Norn9: Norn + Nonet – 03

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Norn9 continues to hook me with its gorgeous aesthetic, but man, it’s men are jerks! Well, around half of them are; the others are twerps. I think the only guys still unmarked by assholishness are Heishi and Masamune. Mikoto and Sakuya have some kind of past with each other, but I don’t see how she’s been able to stand most of the rest. Poor Koharu is entirely at the mercy Kakeru’s whims; he can joke and mess around with her all he likes, but when she so much as tries to rub dirt off his ear, he slaps her away as if rebuking his chattel. Jerk!

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Even lunch has to devolve into a childish confrontation, when Nanami gets lambasted for her apparently subpar shiruken onigiri. Akito puts her hands on her and tells her she’s so quick to toss her food, she shouldn’t make it to begin with. He at least shows a little heart by no throwing the food out after taking it from her, but still…Jerk!

Oh, and there’s Future Boy, who’s apparently a big smartypants, who is poring through the ship’s library trying to learn as much as possible about in order to get back to Tokyo. However, when he sees a glowing ethereal girl, he gets a strange nostalgic feeling, complete with a flash of her embracing him somewhere.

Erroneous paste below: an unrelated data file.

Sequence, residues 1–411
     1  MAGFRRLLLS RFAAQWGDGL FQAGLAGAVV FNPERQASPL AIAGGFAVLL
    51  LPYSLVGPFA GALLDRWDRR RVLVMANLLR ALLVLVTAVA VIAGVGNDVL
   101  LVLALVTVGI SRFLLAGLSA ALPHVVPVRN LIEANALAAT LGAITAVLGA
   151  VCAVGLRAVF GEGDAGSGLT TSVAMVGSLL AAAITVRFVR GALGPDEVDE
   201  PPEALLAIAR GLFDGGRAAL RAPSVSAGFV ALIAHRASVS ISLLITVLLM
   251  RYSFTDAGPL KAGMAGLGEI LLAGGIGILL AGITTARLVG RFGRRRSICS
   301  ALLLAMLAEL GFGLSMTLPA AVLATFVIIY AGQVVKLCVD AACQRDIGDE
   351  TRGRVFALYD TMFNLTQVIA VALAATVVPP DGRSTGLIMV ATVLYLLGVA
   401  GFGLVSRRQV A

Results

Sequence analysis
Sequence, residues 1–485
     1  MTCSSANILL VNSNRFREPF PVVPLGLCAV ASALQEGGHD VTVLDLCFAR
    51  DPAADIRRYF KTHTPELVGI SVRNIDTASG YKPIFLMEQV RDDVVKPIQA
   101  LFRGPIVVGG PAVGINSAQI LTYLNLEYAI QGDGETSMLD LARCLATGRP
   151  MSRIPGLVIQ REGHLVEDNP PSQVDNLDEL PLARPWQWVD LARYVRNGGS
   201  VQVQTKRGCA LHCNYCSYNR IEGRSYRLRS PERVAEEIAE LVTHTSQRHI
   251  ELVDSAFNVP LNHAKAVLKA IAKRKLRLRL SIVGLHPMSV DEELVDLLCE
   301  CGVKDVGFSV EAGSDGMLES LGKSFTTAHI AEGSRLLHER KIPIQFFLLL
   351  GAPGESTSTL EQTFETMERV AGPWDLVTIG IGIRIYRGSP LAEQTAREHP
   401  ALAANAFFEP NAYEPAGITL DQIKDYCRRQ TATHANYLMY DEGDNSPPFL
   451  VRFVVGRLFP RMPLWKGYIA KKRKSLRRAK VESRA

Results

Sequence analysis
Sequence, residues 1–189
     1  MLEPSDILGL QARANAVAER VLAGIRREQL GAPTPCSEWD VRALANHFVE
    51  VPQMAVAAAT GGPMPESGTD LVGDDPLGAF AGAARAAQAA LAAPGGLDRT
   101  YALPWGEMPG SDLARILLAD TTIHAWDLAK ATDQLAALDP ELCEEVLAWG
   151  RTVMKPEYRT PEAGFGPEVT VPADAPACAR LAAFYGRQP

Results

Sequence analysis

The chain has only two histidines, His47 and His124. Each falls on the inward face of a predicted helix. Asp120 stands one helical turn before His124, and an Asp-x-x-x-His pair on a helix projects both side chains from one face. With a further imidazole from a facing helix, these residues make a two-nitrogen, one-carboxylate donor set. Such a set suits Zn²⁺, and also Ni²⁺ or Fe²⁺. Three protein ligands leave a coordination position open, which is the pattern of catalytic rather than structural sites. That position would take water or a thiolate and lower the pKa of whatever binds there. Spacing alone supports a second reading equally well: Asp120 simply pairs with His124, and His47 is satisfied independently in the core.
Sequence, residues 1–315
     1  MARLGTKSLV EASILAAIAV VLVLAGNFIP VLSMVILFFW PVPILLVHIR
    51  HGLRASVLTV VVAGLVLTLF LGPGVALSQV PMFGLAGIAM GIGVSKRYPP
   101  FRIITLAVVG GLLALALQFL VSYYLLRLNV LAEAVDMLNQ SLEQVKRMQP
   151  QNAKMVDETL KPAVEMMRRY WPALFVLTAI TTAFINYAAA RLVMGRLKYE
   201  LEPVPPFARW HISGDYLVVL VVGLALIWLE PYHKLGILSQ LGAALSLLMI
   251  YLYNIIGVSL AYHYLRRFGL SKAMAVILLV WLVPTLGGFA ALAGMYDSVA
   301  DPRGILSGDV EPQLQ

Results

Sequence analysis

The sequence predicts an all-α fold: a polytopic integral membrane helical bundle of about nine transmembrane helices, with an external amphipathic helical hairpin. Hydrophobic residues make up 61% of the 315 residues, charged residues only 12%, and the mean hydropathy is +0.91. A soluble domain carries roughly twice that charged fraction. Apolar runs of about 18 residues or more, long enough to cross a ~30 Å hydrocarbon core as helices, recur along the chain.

Okay, Future Boy isn’t really a jerk, but as curious as his predicament is, the show was overstuffed with characters before he showed up.

Kakeru finally apologizes to Koharu for slapping her hand away from his ear, and offers an explanation: it’s all he has left of his father, who was murdered. Work on not being a jerk, Kakeru.

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This somewhat disjointed episode ends with another confrontation with Akito, being a total jerk to Nanami, whom he believe suspects him of being the “inside perpetrator.” The entire reasons he thinks she partnered with him was so that she could one day turn him in to The World and be rewarded. But he, in his jerkishness, is mistaken about that.